Deren is here writing about a ceremony that occurs (ideally) one year and a day from the death of an individual. The dead, having been deprived of material form and having gone to rest in the waters of the abyss, are ritually called up from “under the water.” The gros-bon-ange (here understood as the “soul” of the person in contrast to the ti-bon-ange, which is something like a Catholic moral conscience) is placed into a clay jar. This jar, called a govi, becomes its new material form, and it is with this form that the living world will resume its relationship with the dead. The dead individual, once a living and breathing human creature, is reclaimed and reinserted into the social world of the living. This ritual of reclamation is, for those involved, a pressing matter – an obligation.

For Deren’s vodouisants, she suggests that:

“This service for the ancestral dead is not a nostalgia or sentimentality…It is not a moment of return to the past; it is the procedure by which the race reincorporates the fruit of previous life-processes into the contemporary moment, and so retains the past as a ground gained, upon and from which it moves forward to the future. The living do not serve the dead; it is the dead who are made to serve the living.”[ii]

It is not my aim to suggest that this ritual is or is not informed by the memory of the Middle Passage. There is a great deal of evidence from West and Central African cosmologies to suggest that the notion of the watery abyss of the dead is not unique to Africans who survived the crossing. It also seems unthinkable that such imagery would not be, at least, multivalent for the Haitian religious imagination. Still, regardless of how various scholars might assign proper provenance to this ritual practice, I am primarily struck by the ritual’s relevance to the work of the anthropologists and historians of the so-called “Black Atlantic.”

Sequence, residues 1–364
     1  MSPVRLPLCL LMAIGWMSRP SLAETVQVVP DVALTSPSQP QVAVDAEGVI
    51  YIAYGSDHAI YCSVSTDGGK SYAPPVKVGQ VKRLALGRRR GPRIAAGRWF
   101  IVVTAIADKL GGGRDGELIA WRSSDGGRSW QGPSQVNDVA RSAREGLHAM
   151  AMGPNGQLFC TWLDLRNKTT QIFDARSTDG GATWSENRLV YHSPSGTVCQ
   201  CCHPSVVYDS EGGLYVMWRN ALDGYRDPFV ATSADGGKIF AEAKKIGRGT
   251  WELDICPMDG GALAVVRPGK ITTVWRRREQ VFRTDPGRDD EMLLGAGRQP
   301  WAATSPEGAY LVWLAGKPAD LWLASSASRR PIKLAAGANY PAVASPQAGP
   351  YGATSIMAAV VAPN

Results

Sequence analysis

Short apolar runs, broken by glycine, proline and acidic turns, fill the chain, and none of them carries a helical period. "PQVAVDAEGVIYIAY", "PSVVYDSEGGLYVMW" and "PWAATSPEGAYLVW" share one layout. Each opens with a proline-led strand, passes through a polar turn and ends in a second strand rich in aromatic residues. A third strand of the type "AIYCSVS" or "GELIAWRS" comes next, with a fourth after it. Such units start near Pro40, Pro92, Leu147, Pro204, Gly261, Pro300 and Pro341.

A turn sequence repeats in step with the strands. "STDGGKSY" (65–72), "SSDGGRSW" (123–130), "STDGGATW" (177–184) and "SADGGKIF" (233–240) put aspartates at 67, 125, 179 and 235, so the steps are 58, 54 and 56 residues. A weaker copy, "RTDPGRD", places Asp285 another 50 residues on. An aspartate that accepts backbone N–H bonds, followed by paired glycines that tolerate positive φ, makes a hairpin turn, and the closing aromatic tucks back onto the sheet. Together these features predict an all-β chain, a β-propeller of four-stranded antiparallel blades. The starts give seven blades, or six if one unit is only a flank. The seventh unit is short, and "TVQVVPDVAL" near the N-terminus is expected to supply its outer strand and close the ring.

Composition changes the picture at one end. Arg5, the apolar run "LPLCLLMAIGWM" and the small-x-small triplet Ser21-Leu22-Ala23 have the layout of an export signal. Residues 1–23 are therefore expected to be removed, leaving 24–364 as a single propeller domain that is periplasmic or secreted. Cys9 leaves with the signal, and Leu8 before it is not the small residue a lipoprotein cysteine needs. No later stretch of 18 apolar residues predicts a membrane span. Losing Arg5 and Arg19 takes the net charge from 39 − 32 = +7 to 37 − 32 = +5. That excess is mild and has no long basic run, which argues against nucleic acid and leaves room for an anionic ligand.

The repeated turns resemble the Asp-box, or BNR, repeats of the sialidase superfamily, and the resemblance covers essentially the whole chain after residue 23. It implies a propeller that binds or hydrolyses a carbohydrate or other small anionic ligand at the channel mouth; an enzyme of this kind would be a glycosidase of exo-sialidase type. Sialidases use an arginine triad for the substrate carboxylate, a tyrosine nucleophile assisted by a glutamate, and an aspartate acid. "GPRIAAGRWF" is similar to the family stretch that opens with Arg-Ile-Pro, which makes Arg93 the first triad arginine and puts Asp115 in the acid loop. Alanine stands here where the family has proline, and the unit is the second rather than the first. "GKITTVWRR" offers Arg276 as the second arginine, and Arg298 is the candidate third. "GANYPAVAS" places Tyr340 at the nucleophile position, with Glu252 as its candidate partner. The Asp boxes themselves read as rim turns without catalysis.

No less than  Deren’s vodouisants, scholars of the Atlantic world are engaged in rituals of reclamation (i.e. the making of monograph-govi, blog post-govi, archive-govi, etc.). Through this work, the dead are reclaimed, revivified and — despite our denials and apologies — they are also put to work for political and professional projects that they did not choose. Certainly, we are justified in our concern over such exploitation of the dead. But, if the long line of figures like Aimé Césaire, Edouard Glissant, and Paul Gilroy have taught us anything at all, it is that the resources for thinking the black Atlantic are to be found in the social worlds of the black Atlantic. Perhaps, then, the govi of Haitian vodou and the ritual of retire d’en bas de l’eau have something to say about our work.

“Heathen” funeral in colonial Jamaica

While it is certainly true that the dead pervade all religious lives, whether as saints, ancestors, or even as the generalized “ambient dead,”[iii] it is also the case that the slave trade generated death on such a scale that it has uniquely structured the worlds of the black Atlantic. Vincent Brown’s The Reaper’s Garden has made this fact eminently clear. For both Europeans and Africans living in colonial Jamaica, the near-constant loss of life both in the Middle Passage and in the new land itself meant that the dead came to occupy a prominent position in the social, political, and economic lives of Jamaicans. In both material and immaterial matters, the dead were undeniably agents. The dead spoke. The dead made demands. It is in the negotiation between the demands of the dead and the exigencies of the living that “real life” in Jamaica was made.